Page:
A Note on Puppies

down to stand while moving down a row of peanuts
Teaching a puppy body awareness and weight distribution exercises at an early age helps the puppy grow into a confident, well balanced and coordinated dog. I start teaching my clients these types of exercises when their puppies are just 8 -12 weeks old. I adjust duration of exercise or repetitions to the age, ability and attention span of the puppy I am working with and I mix in PLAY as much as possible during the sessions.

Body awareness programs for puppies teach them how to learn through shaping and luring. It will also increases the human/dog bond. Many exercises can be shaped as independent movements but some exercises require you to physically maneuver your dog to achieve the correct position. Handling all body parts of your puppy at an early age helps them to be more tolerant of it as they grow older. This is important for nail trimmings, grooming and trips to the vet.

I focus on exercises that require balance and coordination but do not over stress the joints at an early age. I am slow and careful with puppies. Puppies get a lot of jumping, pivoting and multi-directional balance in everyday life — as they run around the back yard and play with pack mates.

When performing exercise with puppies, I carefully watch for movements that keep the knees in line with the hips as much as the puppy’s conformation allows. I also watch for good posture, top-line angles and head position.

As previously mentioned in a earlier blog, I do not recommend multi-directional wobble boards or balance discs for sustained exercises for puppies because when puppies, and some older dogs, mount these pieces of equipment their rear legs spread wide which can put unnecessary pressure on the joints. My preference is to teach the puppy body awareness and coordination on the flat first. Once the dog can obtain the correct position on the flat, then I add unstable FitPAWS equipment such as rocker boards, peanuts, Fitbones, and paw pods that improve proper weight distribution while keeping the body in alignment. I suggest putting the donut holder under the wobble board which allows it to jiggle but not to rock. When the dog has well developed muscles and bones (at about age 12 months) then add sustained exercises on wobble boards and balance discs.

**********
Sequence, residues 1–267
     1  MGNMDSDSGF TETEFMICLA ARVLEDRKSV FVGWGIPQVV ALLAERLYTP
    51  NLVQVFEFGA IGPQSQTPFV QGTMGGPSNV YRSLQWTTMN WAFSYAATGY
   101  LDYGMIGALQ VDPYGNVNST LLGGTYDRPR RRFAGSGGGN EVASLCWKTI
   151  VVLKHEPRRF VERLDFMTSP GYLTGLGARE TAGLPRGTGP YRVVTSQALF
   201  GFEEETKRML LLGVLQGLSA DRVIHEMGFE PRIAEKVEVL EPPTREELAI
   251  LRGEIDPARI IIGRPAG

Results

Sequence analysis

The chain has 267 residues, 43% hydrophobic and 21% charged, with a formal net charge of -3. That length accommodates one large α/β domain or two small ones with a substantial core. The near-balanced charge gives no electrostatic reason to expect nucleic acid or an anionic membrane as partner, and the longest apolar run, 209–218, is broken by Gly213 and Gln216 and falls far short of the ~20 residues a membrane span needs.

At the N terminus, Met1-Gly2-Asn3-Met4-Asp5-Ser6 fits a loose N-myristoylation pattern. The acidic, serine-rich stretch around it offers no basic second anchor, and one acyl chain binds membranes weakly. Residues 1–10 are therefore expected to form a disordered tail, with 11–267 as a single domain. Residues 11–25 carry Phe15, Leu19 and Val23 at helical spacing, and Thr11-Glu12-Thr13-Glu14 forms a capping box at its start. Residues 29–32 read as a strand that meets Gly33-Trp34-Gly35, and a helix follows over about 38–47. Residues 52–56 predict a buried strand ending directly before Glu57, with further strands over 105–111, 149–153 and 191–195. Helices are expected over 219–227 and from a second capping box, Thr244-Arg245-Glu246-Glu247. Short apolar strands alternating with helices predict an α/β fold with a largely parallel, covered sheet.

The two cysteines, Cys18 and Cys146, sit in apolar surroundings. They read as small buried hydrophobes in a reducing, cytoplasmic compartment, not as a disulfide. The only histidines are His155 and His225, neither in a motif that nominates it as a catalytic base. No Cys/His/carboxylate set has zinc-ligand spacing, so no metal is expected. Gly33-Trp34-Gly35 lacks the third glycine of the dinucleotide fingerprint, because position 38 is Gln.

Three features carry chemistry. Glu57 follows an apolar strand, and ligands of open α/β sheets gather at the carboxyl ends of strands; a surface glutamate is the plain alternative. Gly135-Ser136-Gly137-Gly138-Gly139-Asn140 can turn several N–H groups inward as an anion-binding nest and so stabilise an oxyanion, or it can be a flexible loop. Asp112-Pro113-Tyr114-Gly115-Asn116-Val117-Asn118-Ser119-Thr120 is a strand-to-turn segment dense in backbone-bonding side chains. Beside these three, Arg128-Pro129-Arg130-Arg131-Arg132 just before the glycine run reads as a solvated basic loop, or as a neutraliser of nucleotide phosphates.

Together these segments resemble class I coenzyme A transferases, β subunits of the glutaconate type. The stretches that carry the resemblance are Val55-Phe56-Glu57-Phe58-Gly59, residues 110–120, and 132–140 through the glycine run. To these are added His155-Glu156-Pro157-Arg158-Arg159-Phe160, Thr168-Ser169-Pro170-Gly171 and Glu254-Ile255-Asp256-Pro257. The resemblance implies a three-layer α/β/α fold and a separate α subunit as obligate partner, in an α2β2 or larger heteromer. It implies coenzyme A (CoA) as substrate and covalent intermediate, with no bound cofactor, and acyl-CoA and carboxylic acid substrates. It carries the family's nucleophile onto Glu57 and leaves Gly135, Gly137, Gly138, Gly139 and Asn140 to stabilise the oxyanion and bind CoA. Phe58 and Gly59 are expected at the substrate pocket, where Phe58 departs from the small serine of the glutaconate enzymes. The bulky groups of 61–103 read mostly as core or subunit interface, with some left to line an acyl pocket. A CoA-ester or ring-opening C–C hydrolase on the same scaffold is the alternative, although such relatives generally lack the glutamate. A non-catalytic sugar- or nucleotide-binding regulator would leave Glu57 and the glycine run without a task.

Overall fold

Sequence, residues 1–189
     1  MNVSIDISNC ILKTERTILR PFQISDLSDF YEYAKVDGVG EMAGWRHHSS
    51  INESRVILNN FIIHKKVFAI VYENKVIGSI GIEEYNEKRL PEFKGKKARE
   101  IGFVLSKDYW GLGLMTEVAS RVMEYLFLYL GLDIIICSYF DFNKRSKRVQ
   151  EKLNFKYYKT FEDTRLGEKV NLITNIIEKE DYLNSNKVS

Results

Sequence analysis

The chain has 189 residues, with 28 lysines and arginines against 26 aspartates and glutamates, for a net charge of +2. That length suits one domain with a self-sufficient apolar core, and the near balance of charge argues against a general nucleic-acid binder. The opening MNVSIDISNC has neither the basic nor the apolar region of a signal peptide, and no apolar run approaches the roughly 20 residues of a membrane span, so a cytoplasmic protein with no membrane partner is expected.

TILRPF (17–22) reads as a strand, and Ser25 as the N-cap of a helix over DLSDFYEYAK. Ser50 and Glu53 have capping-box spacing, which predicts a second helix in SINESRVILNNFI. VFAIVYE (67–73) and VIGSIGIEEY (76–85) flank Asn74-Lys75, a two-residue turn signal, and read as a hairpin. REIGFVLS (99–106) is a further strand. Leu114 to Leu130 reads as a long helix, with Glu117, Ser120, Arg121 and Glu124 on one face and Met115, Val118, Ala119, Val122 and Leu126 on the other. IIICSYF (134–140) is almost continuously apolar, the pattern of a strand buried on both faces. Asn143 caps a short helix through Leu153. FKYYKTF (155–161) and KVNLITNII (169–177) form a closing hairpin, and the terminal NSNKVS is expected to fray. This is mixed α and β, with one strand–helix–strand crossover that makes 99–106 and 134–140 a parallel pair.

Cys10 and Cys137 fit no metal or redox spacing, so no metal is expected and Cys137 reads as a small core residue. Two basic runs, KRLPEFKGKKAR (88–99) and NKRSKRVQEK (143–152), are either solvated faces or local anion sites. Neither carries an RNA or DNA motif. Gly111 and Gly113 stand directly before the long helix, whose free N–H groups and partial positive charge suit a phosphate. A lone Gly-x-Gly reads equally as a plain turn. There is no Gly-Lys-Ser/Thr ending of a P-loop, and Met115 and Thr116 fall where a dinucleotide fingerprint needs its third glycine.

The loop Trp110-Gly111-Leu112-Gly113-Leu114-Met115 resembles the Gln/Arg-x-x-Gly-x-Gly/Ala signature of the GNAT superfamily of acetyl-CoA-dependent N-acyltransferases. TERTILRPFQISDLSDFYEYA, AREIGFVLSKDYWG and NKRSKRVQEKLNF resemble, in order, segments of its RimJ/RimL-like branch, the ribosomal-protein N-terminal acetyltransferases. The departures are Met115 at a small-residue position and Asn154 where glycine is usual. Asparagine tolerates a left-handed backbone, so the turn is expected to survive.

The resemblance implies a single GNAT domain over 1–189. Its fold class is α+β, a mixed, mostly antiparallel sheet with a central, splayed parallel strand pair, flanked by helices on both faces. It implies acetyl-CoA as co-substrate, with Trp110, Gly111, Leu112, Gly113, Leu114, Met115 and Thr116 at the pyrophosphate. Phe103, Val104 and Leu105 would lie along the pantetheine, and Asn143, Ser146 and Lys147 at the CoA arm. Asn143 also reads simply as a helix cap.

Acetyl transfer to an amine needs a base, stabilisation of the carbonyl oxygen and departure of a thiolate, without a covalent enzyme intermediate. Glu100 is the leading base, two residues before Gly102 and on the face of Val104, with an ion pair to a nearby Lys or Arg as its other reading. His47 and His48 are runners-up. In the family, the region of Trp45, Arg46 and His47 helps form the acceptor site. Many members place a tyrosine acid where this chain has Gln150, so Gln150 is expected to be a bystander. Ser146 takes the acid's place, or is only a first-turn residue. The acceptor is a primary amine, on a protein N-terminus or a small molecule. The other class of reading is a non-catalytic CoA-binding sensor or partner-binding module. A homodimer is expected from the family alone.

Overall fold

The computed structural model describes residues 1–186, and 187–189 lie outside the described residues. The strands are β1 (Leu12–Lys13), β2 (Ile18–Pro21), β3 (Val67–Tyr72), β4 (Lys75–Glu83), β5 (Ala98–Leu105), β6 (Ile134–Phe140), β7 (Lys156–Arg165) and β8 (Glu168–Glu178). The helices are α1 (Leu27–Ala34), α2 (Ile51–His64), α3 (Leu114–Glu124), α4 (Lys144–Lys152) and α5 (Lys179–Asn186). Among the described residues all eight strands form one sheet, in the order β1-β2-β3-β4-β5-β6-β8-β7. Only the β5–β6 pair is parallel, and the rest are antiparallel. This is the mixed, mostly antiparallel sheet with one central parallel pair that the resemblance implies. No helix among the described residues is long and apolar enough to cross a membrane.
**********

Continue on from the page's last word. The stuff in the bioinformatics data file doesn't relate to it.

I also like surface training a puppy with a deflated large balance discs put on top of the rocker board so you get unstable and a different surface. Other options would be the deflated Fitpaws balance disc on top of the peanuts, donut, and under caveletti poles.

I feel it is very important to watch the amount of repetition done in any routine. Set a time limit and stick to it, and watch your puppy’s posture, topline angle, rear leg and head position to make sure you are encouraging good weight distribution, posture and alignment.

Early Puppy Development:
Please note: Putting balance discs, and wobble boards in whelling boxes for surface discrimination exposure is perfectly fine. The puppies generally are walking over or laying on these pieces if equipment, they are not doing sustained exercises or holding sustained positions.

My concerns are for the puppy after arriving at its forever home. New puppy owners get over excited about having a puppy that they tend to start training tricks right away. Why not, there are so many options these days to help teach your puppy how to learn. Where the problem lies in the repetition involved in training new exercises and positions. We are human and we get excited and 15 min can go by quickly and the number of repetitions that can be done in 5-15 minutes is astounding.

Bobbie Lyons, Cert CF Ph. 503-329-1235
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